While playing, there haven’t been too many issues to report other than the loading times. Early on I encountered crashes while loading some of the earlier areas such as Gilded Vale or Caed Nua. As I progressed through the game, though, loading times increased the farther along I got. Console loading times were already longer than my PC version (thanks in-part to my hybrid-HDD/SSD drive on my PC), but waiting full minutes to load the PS4 version sometimes is absurd. Thankfully, it doesn’t happen every time, and it does seem to alleviated some, but it’s worth noting.

Pillars of Eternity is also still the same punishingly difficult game as it was on PC, which is great to see. It really does force the player to pause combat and think about each action, giving you some of the most satisfying combat experiences any RPG can offer on the platform. Decide you just want to rush headlong into battle and forgo this step? You’re going to lose then – and easily even on the middling difficulties. If you want to simply enjoy the story and make the combat less demanding, Pillars also supports that, however. It’s up to the player on how they want to play, and having player choice is never a bad thing.

Conclusion

Pillars of Eternity: Complete Edition really loses nothing coming over to console. It’s a marvel how Paradox Arctic was able to port the complex controls of the PC version, which hopefully can serve as the model for other isometric RPGs to shed their PC exclusive wings and find a home on console as well. The story holds up, even after a few years from the initial release, and the visual direction is still just as stunning as ever. Combat is difficult, as it should be, but Paradox has included a mode which allows players to simply enjoy the story without worrying too much about each individual combat encounter. While I personally wouldn’t play this mode, it’s a nice addition for those who just want to relax and enjoy a good game. Pillars of Eternity: Complete Edition is hampered, however, by some pretty long loading times, especially as you get later into the game. It’s not game breaking, but it’s worth noting and I hope that Paradox is working towards easing this as time passes. If you’re looking for a great RPG and passed on Pillars of Eternity the first time, or simply a console player who never really had the chance to play it, Pillars of Eternity: Complete Edition is well worth your time.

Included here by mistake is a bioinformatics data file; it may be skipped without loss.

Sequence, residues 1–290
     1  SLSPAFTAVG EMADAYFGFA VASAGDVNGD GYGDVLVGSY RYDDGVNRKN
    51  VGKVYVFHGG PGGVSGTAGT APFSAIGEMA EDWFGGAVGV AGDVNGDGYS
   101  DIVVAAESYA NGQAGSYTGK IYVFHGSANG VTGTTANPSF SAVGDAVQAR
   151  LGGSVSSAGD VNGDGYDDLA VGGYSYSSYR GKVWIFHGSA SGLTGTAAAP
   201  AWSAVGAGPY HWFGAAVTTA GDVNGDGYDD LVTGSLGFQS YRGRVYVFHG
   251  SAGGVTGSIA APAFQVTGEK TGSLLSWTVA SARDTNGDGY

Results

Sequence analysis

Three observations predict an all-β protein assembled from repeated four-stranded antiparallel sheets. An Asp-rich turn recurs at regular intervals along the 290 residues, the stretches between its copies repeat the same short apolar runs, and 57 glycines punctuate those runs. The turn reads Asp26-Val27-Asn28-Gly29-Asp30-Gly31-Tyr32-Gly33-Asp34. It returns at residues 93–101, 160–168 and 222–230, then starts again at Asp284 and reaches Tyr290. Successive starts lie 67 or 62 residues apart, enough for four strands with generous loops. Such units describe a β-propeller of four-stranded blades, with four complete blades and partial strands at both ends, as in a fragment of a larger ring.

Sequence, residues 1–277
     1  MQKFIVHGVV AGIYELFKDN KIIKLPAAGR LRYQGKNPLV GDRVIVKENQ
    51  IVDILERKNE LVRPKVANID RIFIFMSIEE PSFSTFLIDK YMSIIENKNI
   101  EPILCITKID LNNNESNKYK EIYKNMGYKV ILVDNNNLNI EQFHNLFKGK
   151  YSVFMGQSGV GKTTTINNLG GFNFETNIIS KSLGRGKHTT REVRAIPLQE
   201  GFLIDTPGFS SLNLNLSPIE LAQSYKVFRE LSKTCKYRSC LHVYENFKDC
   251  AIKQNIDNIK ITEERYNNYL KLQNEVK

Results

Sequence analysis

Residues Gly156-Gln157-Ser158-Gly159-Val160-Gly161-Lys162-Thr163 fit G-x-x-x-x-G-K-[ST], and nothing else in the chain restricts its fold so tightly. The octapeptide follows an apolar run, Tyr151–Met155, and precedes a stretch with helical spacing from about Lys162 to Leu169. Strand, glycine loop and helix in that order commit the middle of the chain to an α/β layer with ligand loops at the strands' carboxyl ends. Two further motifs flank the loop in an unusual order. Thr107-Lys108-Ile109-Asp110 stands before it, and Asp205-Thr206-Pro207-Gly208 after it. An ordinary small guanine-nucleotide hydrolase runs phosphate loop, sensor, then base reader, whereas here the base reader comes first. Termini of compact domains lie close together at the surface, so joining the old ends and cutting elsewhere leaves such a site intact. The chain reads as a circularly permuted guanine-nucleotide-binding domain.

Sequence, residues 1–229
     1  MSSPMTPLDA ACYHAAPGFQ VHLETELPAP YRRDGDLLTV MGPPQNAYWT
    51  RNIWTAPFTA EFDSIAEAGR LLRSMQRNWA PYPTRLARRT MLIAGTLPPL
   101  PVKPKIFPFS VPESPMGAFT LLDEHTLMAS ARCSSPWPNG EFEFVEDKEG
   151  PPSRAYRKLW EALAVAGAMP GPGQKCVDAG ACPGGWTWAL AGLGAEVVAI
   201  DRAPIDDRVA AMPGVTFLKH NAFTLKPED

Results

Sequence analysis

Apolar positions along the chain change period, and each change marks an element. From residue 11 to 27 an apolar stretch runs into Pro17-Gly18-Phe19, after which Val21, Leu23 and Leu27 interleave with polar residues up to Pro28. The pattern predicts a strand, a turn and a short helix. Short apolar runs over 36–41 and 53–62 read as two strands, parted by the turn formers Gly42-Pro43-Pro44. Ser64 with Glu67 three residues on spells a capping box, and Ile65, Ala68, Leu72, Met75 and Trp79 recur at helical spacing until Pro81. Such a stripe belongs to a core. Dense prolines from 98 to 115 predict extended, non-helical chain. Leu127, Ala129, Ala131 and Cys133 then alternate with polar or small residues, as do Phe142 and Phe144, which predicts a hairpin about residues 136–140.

Score: 9/10


Pros

  • Great story
  • Marvelous port, especially the complexities of the controls
  • Visuals look striking on console, even from a distance

Cons

  • Can be intimidating to new players
  • Long loading times a turn off later in the game.